September 26, 2011
A typical scenario in the Atlantic Forest at the Northeastern Biodiversity Corridor, where forest remants are surrounded by sugarcane plantations. Most of the remaining forest fragments are, on average, smaller than 100 ha. Photo credit: Adriano Gambarini.
"In fact, the signals of expansion in the demand for sugarcane in Brazil have become real and evident [...] The price of sugar recently reached the highest value in the past 30 years in the international market. USA, the world’s largest oil consumer, has the goal of using at least 45 Bl of renewable fuel per year, and of increasing to 136 Bl until 2022 . In February 2010, the US Environmental Agency declared that the Brazilian ethanol is an 'advanced biofuel', opening the possibility of increasing imports by the American market. The European Union has also classified Brazilian ethanol as 'sustainable'," the authors write.
Sugarcane crops for ethanol is especially expanding in the northwestern portion of the Atlantic Forest, including the states of Alagoas, Pernambuco, Paraíba and Rio Grande do Norte, according to the piece. Here, less than 1 percent of the forest is legally protected and much of it survives in forest fragments smaller than 100 hectares. The authors note that "as a consequence, several endemic species of the region are on the verge of going globally extinct, making conservation efforts in this region urgent."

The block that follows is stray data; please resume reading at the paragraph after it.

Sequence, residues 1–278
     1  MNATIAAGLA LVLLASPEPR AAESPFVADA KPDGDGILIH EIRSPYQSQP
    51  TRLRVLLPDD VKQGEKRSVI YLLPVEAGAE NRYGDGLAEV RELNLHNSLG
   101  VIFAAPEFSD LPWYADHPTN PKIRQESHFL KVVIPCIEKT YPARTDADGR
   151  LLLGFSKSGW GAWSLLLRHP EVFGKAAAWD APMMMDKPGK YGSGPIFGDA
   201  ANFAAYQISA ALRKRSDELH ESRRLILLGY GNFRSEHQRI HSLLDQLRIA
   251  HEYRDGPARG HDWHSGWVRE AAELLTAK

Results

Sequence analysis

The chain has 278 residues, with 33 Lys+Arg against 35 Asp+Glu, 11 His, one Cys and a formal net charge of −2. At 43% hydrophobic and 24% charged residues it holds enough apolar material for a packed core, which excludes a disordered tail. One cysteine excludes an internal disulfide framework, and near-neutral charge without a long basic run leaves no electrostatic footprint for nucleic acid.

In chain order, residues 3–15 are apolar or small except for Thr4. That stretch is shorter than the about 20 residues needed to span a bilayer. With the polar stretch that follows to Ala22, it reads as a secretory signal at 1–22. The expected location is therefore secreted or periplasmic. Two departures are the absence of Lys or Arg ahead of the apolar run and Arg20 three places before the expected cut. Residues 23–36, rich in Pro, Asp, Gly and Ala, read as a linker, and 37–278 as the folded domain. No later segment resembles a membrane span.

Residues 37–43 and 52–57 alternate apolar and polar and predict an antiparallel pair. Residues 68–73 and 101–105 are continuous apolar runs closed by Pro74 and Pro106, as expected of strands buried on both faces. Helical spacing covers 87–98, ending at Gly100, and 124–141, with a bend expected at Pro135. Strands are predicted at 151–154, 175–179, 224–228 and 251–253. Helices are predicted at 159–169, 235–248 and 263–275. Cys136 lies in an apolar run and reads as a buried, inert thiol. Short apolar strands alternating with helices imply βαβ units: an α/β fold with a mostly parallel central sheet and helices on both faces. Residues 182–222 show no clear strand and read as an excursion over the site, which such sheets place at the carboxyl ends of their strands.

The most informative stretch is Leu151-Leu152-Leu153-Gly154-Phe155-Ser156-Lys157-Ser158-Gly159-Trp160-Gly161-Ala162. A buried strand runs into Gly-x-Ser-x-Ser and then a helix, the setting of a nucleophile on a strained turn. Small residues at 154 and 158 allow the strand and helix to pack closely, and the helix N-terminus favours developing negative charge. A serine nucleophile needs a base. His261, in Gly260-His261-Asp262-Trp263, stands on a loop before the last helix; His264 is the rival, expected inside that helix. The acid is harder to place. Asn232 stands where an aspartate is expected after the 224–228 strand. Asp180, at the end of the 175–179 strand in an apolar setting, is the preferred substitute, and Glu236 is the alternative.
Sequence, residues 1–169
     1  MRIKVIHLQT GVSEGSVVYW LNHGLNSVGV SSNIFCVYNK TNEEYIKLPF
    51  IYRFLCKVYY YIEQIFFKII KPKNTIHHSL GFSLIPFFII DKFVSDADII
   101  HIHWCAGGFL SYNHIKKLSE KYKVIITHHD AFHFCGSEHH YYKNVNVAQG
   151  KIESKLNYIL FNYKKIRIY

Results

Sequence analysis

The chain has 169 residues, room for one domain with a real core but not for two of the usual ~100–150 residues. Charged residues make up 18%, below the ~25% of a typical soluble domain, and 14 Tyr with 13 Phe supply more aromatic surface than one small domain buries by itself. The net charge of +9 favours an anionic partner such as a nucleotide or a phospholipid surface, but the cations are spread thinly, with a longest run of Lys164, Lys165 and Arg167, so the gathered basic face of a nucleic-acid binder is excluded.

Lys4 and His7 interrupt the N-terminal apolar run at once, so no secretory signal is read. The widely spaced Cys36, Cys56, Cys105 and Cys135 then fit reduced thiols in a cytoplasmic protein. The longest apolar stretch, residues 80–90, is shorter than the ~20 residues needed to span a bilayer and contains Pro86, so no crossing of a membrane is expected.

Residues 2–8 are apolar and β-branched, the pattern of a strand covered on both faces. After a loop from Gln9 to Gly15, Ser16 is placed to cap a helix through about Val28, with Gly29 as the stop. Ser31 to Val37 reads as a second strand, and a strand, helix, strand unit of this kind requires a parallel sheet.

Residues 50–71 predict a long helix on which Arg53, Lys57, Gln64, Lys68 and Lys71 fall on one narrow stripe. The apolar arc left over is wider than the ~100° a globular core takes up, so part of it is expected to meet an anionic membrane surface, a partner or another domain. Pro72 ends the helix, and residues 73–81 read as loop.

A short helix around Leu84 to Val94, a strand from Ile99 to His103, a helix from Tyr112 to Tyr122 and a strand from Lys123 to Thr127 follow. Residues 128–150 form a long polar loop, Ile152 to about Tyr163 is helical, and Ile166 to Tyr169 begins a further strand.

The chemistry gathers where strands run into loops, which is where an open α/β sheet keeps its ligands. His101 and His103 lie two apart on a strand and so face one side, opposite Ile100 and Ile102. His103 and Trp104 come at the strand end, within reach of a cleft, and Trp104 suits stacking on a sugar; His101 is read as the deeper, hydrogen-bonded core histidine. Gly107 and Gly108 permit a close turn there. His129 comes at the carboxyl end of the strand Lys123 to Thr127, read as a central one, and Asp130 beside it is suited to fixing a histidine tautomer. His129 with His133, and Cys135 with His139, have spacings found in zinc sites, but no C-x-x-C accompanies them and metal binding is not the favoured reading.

The authors contend, however, that the region doesn't have to choose between mass extinction and increasing sugarcane ethanol production: "instead of expanding plantations, increasing crop productivity should be the more logical and environment-friendly solution for that region. [...] The current challenge is to increase the number of sugar and ethanol companies following best management practices and to turn these programs into a real opportunity to restore the biodiversity and environmental services of an ecosystems in eminent collapse."
The paper lays out several recommendations including a moratorium on clearing forests for sugarcane while critical biodiversity areas are identified; increasing ethanol productivity through better machinery and techniques; press sugarcane companies to publicly commit to best management practices; and pushing for second generation ethanol.
"The local sugarcane industry, which for centuries moved the economy of the region, needs more than ever to understand that it is necessary to adapt to the new environmental practices and to become a partner of the society in the conservation of the natural capital: biodiversity," the authors conclude.
CITATION: Bernard, E., Melo, F. P. L. and Pinto, S. R. R. 2011. Challenges and opportunities for biodiversity conservation in the Atlantic Forest in face of bioethanol expansion. Tropical Conservation Science Vol. 4(3):267-275.
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